This article originally appeared on Forbes.com.
Many U.S. banks are enjoying a period of strong profits and surging equity prices. But we see troubling signs of overoptimism: Less resilient, financially vulnerable banks have attracted relatively high valuations. Investors have not distinguished much between the weaker and healthier banks, an eerie similarity to banking valuations in 2007, just prior to the global financial crisis.
Bain & Company’s recent health check of about 600 banks in the U.S. derives a score from two dimensions. The first is asset and liability health, especially the quality of assets. The second is profitability and efficiency. This provides a more integrated view than looking only at a balance sheet or income statement. We calculated a score for each bank and placed it in one of four categories for year-end 2016, the latest period for which data is available: highest concern, weaker balance sheet, weaker business model and winners.
Roughly 23% of the banks fall into the highest concern category, including five of the 25 largest banks. Alarms should sound, because nearly every bank that failed in the past decade, as well as many that merged into other entities, fell into this category prior to a failure or merger.
About 30% of the banks we analyzed attain the “winners” position, with both robust financial and balance sheet health. As for the rest, 28% have weaker balance sheets, and 18% have weaker business models, producing less attractive financial performance.
When we compare the largest 100 banks in the U.S. and in Europe, there is a longer tail in Europe toward the highest concern category. In other words, relatively more European banks are at risk of failure than US banks. That may be because US banks have a stronger position on profitability and efficiency—a greater ability to turn a profit with assets on hand.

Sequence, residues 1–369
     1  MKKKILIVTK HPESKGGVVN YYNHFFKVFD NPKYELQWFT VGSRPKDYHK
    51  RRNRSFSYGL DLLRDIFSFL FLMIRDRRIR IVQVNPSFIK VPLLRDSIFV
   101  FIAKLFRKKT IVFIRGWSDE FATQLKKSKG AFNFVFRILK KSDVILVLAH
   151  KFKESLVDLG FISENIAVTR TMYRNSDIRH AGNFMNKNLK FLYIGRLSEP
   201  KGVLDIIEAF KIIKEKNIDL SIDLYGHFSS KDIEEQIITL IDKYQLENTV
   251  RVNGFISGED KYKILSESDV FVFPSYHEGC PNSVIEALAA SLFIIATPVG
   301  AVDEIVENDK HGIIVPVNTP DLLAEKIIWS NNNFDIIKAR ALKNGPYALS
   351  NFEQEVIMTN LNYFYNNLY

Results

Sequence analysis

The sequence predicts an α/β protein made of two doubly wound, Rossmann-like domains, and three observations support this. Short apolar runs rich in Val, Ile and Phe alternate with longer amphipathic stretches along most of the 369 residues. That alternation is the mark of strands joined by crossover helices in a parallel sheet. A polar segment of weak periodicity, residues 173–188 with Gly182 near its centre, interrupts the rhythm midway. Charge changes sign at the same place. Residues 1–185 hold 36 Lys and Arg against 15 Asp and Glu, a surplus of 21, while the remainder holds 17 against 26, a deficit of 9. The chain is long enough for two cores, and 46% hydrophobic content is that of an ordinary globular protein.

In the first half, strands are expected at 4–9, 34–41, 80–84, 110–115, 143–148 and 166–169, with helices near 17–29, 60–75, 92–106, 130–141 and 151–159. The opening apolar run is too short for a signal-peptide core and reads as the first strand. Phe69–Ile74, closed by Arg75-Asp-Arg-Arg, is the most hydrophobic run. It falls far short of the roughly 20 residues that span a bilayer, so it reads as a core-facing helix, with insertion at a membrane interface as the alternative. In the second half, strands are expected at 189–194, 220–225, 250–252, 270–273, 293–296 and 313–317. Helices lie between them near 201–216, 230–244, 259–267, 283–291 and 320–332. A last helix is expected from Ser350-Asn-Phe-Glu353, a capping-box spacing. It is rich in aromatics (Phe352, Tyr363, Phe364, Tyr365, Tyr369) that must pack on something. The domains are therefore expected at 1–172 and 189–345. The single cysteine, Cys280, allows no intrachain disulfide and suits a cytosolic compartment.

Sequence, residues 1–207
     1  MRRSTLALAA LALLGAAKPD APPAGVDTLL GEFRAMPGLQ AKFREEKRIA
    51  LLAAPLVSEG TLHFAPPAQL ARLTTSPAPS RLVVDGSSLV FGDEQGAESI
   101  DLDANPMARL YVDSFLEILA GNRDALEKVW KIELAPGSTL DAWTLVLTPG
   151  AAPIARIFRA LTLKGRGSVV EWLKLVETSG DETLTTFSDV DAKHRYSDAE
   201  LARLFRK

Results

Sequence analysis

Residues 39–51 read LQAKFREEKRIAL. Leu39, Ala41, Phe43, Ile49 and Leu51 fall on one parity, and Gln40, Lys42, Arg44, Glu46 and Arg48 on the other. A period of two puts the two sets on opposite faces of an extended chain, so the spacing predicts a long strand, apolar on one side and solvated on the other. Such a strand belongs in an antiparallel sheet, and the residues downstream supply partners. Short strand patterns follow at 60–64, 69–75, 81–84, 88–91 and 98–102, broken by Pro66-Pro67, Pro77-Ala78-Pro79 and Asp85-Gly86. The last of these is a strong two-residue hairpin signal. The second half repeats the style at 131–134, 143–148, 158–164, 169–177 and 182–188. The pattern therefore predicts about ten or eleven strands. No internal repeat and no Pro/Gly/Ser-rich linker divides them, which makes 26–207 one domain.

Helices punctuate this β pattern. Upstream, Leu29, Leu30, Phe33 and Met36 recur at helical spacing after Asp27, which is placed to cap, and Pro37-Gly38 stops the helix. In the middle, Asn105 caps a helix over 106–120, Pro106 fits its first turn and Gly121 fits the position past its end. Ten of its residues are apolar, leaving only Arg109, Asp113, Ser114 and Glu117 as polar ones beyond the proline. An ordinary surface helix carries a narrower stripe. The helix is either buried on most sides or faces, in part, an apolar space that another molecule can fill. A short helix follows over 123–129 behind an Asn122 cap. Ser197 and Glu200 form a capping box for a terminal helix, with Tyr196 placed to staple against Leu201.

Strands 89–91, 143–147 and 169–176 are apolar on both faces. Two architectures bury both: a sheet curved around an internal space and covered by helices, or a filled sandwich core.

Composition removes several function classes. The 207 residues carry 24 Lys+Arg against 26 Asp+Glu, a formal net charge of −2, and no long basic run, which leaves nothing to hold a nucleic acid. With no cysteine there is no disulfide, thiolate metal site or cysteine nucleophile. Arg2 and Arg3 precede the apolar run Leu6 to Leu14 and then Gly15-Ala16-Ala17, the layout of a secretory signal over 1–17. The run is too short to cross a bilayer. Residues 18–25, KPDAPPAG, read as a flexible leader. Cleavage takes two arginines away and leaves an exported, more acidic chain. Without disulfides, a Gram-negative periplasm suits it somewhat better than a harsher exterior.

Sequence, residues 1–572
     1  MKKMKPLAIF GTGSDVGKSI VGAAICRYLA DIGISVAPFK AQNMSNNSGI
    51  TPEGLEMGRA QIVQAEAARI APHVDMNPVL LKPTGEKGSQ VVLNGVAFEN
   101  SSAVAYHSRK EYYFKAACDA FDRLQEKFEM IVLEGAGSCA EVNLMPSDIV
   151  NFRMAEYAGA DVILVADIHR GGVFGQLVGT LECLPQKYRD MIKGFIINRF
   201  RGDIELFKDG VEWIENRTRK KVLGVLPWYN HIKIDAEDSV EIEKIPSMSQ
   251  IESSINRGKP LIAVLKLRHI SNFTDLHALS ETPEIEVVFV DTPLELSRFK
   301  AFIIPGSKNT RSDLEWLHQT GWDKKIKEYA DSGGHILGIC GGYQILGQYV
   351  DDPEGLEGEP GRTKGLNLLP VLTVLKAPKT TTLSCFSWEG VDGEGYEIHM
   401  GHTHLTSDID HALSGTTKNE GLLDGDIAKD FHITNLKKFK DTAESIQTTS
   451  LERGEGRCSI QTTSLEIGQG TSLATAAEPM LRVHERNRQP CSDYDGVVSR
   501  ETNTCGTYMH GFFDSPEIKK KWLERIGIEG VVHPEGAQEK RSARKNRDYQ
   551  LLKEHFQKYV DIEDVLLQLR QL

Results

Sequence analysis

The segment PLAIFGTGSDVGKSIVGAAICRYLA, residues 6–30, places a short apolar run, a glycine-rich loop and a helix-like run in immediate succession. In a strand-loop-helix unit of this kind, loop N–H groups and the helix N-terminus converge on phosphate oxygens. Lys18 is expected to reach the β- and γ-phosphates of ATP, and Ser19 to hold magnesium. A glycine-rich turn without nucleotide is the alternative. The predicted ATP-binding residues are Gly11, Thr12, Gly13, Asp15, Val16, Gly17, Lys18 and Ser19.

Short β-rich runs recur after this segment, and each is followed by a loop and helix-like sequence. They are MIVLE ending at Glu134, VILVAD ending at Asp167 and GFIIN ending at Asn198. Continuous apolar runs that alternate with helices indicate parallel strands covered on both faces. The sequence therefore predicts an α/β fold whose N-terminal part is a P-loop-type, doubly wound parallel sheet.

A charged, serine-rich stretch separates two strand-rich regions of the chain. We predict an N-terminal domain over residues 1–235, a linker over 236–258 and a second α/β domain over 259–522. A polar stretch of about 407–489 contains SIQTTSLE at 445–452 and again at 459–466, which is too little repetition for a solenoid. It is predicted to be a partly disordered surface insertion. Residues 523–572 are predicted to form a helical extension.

In the US, however, investors have a skewed perception of bank stocks. The average price-to-book ratio is 1.46 for the least resilient category of banks, not much less than the 1.7 for the U.S. “winner” banks. U.S. investors today (unlike in 2009, after the crisis had bitten hard) make very little distinction for balance sheet stability, and are overvaluing the riskiest banks.
Their bets could come a cropper in the near future. It has been nine years since the last major market downturn, and while no one can predict the exact nature and timing of the turn, one will come that could be more severe than the recent bout of market volatility. Should a downturn occur while valuations remain stretched for weaker institutions, there could be a domino effect in which the failure of one or more banks, even smaller entities, drags down others.
Weaker banks probably have a limited window of opportunity. The roughly 140 banks analyzed with poor profitability and weaker balance sheets should improve their asset quality, liquidity or capital adequacy as soon as possible.
How can they do that? They can learn from some of the banks in Europe that were able to pull themselves out of a downward spiral. One European bank, for instance, restructured troubled loans by disposing of repossessed factories over three years. It discarded legacy businesses and created new ones built around customers’ needs and priorities, rather than simply pushing products. The bank sharply reduced its cost base by around 30% to reinvest in new activities, and reduced its dependency on wholesale funding by increasing the level of deposits. Persisting through a series of difficult decisions, this bank managed to move from near death back to robust health.
Despite the capital-adequacy rules and stress tests devised in recent years, many U.S. banks still have relatively weak positions. Yet investors do not appear to factor these weaknesses into their valuations. Several reasons could account for their betting on a bull rather than a bear, including a belief in continued consolidation with acquirers paying a premium, forecasts of rising interest rates, or the hope that most banks will not succumb to the domino effect. Among bankers themselves, many believe the sector is healthier than before the crisis, so they view the valuations as rational and a confirmation of their strategies.
The data suggests to us that investors remain in a zone disconnected from the realities of banks’ financial health, similar to their stance before the crisis. And regardless of the average state of health for U.S. banking, the least resilient banks cannot afford to ignore the data that signals how vulnerable they really are.
Joe Fielding and João Soares are partners with Bain & Company’s Financial Services practice, and Mike Baxter leads the practice in the Americas. They are based, respectively, in New York, London and New York.